I no longer have a nursing baby that travels everywhere I go and no one clings to my leg as I walk out the door.  I don't cook dinner with a baby on my hip or with someone whining in a high chair.  I don't keep a stroller in the back of my van, buy diapers at the grocery store, or carry extra clothes in my purse.  I don't sleep with one ear open to a little one's stirrings and I get seven hours of sleep almost every night. It's been years since a child has colored with crayon on the walls. Major spills don't happen daily and if someone does spill a whole cup of milk, they usually clean it up themselves.  I know longer have to buckle any seat-belts besides my own.

I'm learning, though, that the mom of older children needs to employ an entirely new set of skills.

I'm learning to keep my mouth shut when my kids pick out their clothing in the morning. I'm teaching hygiene and reminding them (over and over and over) why it is important to take a shower and brush their teeth. I'm having to speak on the touchy subject of deodorant. I'm talking about why we eat healthy foods even if we don't like them.  

Mothering older children takes me beyond meeting physical needs, too. I am creating a place of safety-- not just physical safety, but a place to voice concerns and feel secure.  I listen without interrupting. I show interest in endless Lego talk, try not zone out when she's telling a story about what she saw when she took the dog for a walk, and  laugh at corny jokes. 

I guide them in how to work out disagreements, remind them not to tattle, and demonstrate kind speech.  This is an area wit which we struggle daily.  Some days the arguing escalates until I want to pull my hair out!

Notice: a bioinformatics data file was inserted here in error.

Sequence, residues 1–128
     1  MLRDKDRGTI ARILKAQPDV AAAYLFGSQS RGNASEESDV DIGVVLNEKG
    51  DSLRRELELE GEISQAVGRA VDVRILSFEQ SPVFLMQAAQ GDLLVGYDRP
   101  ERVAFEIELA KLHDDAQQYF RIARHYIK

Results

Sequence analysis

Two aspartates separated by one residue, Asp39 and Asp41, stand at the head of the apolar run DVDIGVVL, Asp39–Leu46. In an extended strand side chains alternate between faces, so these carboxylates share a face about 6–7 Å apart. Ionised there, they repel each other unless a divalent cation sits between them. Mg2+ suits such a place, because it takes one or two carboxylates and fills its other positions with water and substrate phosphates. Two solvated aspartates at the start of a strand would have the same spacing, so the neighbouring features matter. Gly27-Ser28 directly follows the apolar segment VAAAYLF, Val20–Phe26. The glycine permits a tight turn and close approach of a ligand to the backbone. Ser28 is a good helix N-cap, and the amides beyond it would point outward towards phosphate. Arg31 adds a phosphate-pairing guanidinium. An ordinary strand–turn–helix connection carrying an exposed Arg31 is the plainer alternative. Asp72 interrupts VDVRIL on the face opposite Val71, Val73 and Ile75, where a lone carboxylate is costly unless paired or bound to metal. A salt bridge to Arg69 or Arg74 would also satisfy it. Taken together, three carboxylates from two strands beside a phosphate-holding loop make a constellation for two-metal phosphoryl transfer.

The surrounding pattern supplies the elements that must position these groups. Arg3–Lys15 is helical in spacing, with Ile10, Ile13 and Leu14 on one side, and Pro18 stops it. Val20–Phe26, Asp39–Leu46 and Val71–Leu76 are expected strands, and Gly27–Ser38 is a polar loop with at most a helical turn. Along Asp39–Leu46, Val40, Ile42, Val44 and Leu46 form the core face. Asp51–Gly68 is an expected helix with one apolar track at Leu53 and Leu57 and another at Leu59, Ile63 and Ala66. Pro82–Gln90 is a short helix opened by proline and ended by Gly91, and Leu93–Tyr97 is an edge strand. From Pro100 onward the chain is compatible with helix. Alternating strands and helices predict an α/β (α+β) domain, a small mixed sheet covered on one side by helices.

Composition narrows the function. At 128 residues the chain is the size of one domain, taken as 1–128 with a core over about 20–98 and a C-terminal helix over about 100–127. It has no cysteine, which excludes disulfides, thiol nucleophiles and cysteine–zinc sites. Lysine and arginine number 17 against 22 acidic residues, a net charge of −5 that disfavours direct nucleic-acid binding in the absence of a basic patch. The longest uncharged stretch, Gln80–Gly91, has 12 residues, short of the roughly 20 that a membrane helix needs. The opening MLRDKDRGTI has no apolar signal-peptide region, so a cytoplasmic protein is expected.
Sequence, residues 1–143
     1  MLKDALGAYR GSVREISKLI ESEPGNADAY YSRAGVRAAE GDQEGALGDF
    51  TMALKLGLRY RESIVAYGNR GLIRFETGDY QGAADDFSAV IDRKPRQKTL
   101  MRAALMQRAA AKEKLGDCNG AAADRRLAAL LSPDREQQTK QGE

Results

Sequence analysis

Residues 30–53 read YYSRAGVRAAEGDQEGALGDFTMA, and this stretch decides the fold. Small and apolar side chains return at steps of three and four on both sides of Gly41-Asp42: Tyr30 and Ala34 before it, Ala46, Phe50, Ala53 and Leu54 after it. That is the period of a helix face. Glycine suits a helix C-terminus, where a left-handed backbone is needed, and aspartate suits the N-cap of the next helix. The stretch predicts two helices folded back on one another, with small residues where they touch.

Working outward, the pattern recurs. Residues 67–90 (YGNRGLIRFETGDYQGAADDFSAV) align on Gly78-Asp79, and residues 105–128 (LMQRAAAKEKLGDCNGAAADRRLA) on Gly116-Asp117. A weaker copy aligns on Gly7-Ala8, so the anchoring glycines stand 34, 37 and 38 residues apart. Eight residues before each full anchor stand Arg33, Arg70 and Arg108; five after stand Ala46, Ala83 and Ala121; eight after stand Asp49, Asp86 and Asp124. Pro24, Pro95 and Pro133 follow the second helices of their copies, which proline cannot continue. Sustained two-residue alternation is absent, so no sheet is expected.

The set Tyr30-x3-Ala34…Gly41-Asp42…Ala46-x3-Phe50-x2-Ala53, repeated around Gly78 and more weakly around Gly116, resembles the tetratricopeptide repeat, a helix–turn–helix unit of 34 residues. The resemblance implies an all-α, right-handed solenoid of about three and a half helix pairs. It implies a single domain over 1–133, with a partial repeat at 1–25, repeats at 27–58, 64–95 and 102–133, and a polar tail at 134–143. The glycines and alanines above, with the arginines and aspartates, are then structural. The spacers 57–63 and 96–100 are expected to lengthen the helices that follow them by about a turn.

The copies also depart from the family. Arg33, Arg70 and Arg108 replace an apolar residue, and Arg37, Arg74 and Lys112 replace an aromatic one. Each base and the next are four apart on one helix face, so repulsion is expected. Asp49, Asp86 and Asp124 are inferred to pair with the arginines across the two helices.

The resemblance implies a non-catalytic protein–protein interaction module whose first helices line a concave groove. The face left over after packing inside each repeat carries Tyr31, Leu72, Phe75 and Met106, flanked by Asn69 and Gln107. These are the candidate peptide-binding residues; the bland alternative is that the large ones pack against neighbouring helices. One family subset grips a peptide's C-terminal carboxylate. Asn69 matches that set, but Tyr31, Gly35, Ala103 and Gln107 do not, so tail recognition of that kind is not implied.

I model hospitality, inviting people into our home and letting the kids clean, cook, and prepare alongside me. When taking meals to those in need, I loosen the grip on my controlling tendencies and let them help decide what to bring.  We shop, cook, and deliver as a team.

I'm teaching stewardship-- with their money and the things that we own.  I have to guide them in money management while letting them be free to make their own decisions.

I spend more time in the van, driving them to various activities.  Our grocery bill is higher because bigger people equals bigger appetites. The laundry is out of control. The bathroom rarely stays clean for more than a day.

I'm a firm believer that all the effort of the baby and toddler years will pay dividends-- that speaking soothing words to a cranky baby, loosing sleep with a child who wakes multiple times at night, handling tantrums, feeding picky eaters, and all the many, many frustrating tasks we perform as moms, will lay a firm foundation for the elementary and teen years.

So, yes, mothering older children is different, more complicated perhaps, but one of the most joyful undertakings we can imagine.

Blessed is the man who perseveres under trial, because when he has stood the test, he will receive the crown of life that God has promised to those who love him.   James 1:12

Monday, April 27, 2015

Like Mother, Like Son

Growing up, I remember going on family vacations and always, always bringing along a book.  It wasn't just that I brought it with me in the car (and in the hotel room and to various sites...), but I almost always had my book open.  It was a small source of frustration for my dad who would say something along the lines of, "We're at James Buchanan's birthplace..." or "We're on Skyline Drive...and all Kristin is doing is reading her book!"

This weekend, the kids and I were spectators while Brian ran a 5K race.  (More on that in another post.)

While some of us watched, cheered, enjoyed the race atmosphere, and tried to stay warm in the early-morning chill...Gavin read a book.
Waiting at the 2-mile mark to catch a glimpse of Brian...

...and later at the finish line.

Like mother, like son.

Saturday, April 25, 2015

Weekend Links...and What I'm Reading

Yes, to this:
"I could have chosen to be less tired. I could. I could have chosen to have more free time or a firmer tummy. I could be living a whole different life right now... But it would have been what I chose.  I can make really bad choices. Instead, I have what God chose for me."

And this, too:
"We long to do greater things than making another dinner. But out of obedience, we serve. We are here. We are present."

On a wholly unrelated note, this is a great source of children's literature from each decade of the 20th century.

And here's a peek at what I'm reading this weekend, by myself and with the kids: